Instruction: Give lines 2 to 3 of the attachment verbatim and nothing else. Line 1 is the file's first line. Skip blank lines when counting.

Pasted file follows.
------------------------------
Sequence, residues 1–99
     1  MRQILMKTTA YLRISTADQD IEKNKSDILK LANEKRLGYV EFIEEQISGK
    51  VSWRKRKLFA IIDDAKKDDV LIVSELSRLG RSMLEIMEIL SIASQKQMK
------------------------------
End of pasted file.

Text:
     1  MRQILMKTTA YLRISTADQD IEKNKSDILK LANEKRLGYV EFIEEQISGK
    51  VSWRKRKLFA IIDDAKKDDV LIVSELSRLG RSMLEIMEIL SIASQKQMK